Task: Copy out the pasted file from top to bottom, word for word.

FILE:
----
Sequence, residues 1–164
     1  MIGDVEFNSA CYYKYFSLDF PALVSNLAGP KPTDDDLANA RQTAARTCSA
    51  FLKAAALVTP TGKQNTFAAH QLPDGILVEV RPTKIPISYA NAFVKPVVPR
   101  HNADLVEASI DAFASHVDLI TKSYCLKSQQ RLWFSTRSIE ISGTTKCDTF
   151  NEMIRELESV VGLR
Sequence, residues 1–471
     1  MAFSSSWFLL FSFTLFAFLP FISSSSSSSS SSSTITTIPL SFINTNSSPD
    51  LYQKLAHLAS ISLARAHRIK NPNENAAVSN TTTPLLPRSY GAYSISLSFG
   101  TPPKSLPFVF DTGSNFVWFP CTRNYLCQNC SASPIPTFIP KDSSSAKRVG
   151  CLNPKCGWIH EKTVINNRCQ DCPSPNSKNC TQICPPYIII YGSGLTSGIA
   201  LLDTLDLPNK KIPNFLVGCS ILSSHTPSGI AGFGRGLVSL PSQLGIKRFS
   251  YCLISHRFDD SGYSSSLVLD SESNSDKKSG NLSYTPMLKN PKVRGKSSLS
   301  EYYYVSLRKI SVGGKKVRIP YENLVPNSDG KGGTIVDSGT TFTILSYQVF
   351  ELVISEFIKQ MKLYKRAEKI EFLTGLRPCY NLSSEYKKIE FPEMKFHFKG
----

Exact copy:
Sequence, residues 1–164
     1  MIGDVEFNSA CYYKYFSLDF PALVSNLAGP KPTDDDLANA RQTAARTCSA
    51  FLKAAALVTP TGKQNTFAAH QLPDGILVEV RPTKIPISYA NAFVKPVVPR
   101  HNADLVEASI DAFASHVDLI TKSYCLKSQQ RLWFSTRSIE ISGTTKCDTF
   151  NEMIRELESV VGLR
Sequence, residues 1–471
     1  MAFSSSWFLL FSFTLFAFLP FISSSSSSSS SSSTITTIPL SFINTNSSPD
    51  LYQKLAHLAS ISLARAHRIK NPNENAAVSN TTTPLLPRSY GAYSISLSFG
   101  TPPKSLPFVF DTGSNFVWFP CTRNYLCQNC SASPIPTFIP KDSSSAKRVG
   151  CLNPKCGWIH EKTVINNRCQ DCPSPNSKNC TQICPPYIII YGSGLTSGIA
   201  LLDTLDLPNK KIPNFLVGCS ILSSHTPSGI AGFGRGLVSL PSQLGIKRFS
   251  YCLISHRFDD SGYSSSLVLD SESNSDKKSG NLSYTPMLKN PKVRGKSSLS
   301  EYYYVSLRKI SVGGKKVRIP YENLVPNSDG KGGTIVDSGT TFTILSYQVF
   351  ELVISEFIKQ MKLYKRAEKI EFLTGLRPCY NLSSEYKKIE FPEMKFHFKG